Dynamic Pages

Dynamic Pages

So far we only have a static page with not much functionality. Just having a hello world example is not very useful, so let’s go beyond that and add some real functionality to our application.

Our first feature will be dynamic pages generated from markdown files.

Create a Page controller with the following content:

<?php declare(strict_types = 1);

namespace Example\Controllers;

class Page
{
    public function show($params)
    {
        var_dump($params);
    }
}

Once you have done that, add a new route:

['GET', '/{slug}', ['Example\Controllers\Page', 'show']],

Now try and visit a few urls, for example http://localhost:8000/test and http://localhost:8000/hello. As you can see, the Page controller is called every time and the $params array receives the slug of the page.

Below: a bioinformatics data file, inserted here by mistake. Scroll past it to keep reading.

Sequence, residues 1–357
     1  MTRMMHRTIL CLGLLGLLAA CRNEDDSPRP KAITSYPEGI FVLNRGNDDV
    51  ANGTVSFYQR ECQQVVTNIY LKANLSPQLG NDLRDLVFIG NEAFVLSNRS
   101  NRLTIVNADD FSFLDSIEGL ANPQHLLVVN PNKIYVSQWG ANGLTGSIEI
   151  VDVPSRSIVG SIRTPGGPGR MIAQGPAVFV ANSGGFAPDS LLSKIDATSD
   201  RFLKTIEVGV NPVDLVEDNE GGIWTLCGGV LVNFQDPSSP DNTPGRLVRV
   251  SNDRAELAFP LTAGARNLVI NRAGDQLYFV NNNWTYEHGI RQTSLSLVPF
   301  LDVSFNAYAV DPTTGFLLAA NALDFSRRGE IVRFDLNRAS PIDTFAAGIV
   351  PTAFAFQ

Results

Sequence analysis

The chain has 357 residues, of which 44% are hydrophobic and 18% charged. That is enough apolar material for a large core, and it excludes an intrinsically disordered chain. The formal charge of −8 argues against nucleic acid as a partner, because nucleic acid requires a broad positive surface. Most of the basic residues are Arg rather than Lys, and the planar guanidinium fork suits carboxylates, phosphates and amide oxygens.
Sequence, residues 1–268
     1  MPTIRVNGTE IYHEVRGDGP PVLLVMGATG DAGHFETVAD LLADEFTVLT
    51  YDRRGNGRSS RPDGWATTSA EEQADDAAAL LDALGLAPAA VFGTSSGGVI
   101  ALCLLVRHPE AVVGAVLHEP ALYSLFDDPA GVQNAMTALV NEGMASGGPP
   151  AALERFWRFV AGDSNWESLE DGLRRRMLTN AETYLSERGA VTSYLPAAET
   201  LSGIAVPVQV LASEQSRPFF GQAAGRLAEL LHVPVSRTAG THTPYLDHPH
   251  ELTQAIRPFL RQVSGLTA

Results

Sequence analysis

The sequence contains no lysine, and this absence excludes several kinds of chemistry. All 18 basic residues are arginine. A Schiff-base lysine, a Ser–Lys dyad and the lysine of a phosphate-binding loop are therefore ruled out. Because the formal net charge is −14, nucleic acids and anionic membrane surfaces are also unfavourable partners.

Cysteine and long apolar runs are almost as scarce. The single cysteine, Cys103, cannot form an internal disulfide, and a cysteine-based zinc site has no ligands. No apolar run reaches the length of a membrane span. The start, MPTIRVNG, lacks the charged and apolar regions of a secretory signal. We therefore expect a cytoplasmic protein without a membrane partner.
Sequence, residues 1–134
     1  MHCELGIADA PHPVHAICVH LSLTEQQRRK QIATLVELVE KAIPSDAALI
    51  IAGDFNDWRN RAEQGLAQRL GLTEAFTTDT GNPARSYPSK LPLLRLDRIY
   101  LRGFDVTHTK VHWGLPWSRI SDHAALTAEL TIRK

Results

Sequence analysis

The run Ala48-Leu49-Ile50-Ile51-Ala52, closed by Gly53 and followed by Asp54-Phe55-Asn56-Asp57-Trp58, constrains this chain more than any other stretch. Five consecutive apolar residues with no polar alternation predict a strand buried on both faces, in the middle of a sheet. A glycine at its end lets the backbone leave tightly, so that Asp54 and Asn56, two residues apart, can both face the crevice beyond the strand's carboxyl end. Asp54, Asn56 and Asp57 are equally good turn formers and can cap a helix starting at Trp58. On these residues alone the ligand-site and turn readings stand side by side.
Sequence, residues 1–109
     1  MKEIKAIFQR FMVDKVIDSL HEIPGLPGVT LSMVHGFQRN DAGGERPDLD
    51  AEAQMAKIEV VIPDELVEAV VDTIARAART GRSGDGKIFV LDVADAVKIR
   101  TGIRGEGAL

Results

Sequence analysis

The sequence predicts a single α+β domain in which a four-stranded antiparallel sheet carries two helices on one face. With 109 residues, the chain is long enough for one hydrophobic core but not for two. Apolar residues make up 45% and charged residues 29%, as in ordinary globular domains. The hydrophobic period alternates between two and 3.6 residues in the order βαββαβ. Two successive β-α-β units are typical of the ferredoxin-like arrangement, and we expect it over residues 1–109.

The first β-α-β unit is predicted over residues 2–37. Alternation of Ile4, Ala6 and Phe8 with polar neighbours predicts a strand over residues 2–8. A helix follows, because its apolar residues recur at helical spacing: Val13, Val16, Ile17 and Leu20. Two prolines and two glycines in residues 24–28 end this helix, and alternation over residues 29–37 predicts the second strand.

So let’s create a few pages to get started. We won’t use a database yet, so create a new folder pages in the root folder of your project. In there add a few files with the file extensions .md and add some text to them. For example page-one.md with the content:

This is a page.

Now we will have to write some code to read the proper file and display the content. It might seem tempting to just put all that code into the Page controller. But remember Separation of Concerns. There is a good chance that we will need to read the pages in other places in the application as well (for example in an admin area).

So let’s put that functionality into a separate class. There is a good chance that we might switch from files to a database later, so let’s use an interface again to make our page reader decoupled from the actual implementation.